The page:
Belichick arranged for one of his video assistants to tape the New York Jets’ defense signals before their game. When the Jets discovered this, it resulted in a major outcry. Meanwhile, in ‘DeflateGate,’ Belichick failed to defend or protect his legendary star quarterback from the media. Instead, he actively told the media that they should talk to Brady instead of bothering him. This was the strangest of decisions considering Brady’s importance to the team.

Mandatory Credit: USA TODAY Sports

8. Marty Mornhinweg

Mornhinweg lasted two seasons in charge of the hapless Detroit Lions. They went 2-14 in their first year under his leadership and 3-13 in the second. This should provide an indication of how terrible he was in the hot seat. Furthermore, he was directly responsible for some of their losses. One clear and notorious example occurred at the end of a game against the Chicago Bears.

Mandatory Credit: USA TODAY Sports

Mornhinweg won the overtime coin toss and chose the direction to defend instead of the ball. Of course, everybody knows that taking the ball is almost always the right course of action. However, Mornhinweg pointed to the wind direction, placing more value on that than possession. It was almost poetic that the Bears won the game by way of a 40-yard field goal.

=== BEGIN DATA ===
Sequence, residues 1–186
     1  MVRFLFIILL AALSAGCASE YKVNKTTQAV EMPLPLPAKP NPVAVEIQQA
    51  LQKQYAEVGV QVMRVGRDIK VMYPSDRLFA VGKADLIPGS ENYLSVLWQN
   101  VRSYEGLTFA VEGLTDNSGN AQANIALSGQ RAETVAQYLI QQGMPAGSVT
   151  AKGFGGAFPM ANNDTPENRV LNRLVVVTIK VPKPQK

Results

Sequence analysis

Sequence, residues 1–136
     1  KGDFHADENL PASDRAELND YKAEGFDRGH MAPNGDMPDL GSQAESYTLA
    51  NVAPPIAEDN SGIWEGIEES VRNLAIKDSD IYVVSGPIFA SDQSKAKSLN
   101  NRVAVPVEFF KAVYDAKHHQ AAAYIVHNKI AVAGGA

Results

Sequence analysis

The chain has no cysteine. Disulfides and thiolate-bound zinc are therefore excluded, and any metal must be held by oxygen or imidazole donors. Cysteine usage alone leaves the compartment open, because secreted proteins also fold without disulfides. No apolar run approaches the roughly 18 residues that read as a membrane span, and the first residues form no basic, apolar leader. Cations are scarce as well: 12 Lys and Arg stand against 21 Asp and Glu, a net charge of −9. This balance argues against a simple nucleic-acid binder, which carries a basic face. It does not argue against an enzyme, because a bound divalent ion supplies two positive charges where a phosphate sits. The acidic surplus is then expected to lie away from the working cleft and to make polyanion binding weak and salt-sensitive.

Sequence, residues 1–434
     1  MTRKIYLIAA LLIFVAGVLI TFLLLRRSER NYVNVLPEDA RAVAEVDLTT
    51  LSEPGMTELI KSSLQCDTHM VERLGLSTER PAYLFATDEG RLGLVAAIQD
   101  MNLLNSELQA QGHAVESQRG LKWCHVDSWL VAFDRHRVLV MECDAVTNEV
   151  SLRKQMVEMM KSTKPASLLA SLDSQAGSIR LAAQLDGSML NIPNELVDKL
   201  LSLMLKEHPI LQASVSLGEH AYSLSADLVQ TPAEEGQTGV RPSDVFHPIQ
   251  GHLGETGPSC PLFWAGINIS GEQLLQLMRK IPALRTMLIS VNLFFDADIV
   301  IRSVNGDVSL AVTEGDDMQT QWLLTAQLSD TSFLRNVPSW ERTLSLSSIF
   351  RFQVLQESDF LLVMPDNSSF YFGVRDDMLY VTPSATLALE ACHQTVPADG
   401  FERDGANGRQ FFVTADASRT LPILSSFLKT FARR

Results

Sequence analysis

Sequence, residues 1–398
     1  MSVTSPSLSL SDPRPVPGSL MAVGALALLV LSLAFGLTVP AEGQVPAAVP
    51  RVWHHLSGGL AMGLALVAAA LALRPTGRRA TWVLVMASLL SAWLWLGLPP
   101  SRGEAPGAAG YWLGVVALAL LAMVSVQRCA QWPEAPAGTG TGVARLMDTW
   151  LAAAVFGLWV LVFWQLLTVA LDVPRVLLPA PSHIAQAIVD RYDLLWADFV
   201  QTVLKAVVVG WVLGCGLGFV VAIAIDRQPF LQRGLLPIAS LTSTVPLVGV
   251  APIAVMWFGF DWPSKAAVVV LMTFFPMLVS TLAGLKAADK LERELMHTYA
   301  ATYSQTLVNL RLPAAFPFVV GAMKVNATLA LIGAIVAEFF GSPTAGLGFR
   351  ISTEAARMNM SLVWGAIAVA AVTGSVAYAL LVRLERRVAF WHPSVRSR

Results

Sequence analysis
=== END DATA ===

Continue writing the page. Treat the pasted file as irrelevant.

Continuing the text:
Mandatory Credit: Bleacher Report

7. Dan Reeves

Eugene Robinson had the night of his life before the Super Bowl in 1999. After winning the Bart Starr Award for outstanding character, he celebrated by trying to find a prostitute. But he ended up soliciting an undercover police officer instead of an actual lady of the night. As a result, he enjoyed the hospitality of Miami P.D. for the night. There were probably better ways to prepare for the biggest game of his life.

Mandatory Credit: USA TODAY Sports

Meanwhile, Coach Reeves knew all about this situation but started Robinson anyway. It was perplexing because he was clearly not in the condition – physically or mentally – to make a positive impact on the game. Indeed, that proved to be the case. The Broncos destroyed the Falcons in a 34-19 blowout. It was embarrassing for everybody involved. In the end, Reeves handed back his Bart Starr award.

Mandatory Credit: Bleacher Report

6. Jason Garrett

One of the most idiotic and clumsy decisions on this list, this one was frankly ridiculous. The Dallas Cowboys played the Arizona Cardinals with just seven seconds left in the fourth quarter. The Cowboys had the opportunity to win the game from a field goal. Dan Bailey promptly kicked the ball between the posts. But the problem was that it didn’t count because Garrett took that exact moment to call a timeout.

What he was thinking, nobody knows. As well as canceling out Bailey’s score, Garrett also rattled his kicker. Bailey missed his second attempt at the field goal which sent the game into overtime. This proved costly because, of course, the Cardinals ended up winning. One lapse in concentration and poor judgment cost his team the win. Nobody forgets these kinds of cringe-inducing moments.

Mandatory Credit: USA TODAY Sports

5. Dennis Green

The 1999 NFC Championship game between the Minnesota Vikings and the Atlanta Falcons was a dramatic affair. With just 30 seconds left on the clock, the teams were level at 27-27. The Vikings were third-and-three on their own 30-yard line with two timeouts still available while the Falcons had none. But then Coach Green made the wrong call. He told his quarterback to take a knee and send the game to overtime.

Mandatory Credit: USA TODAY Sports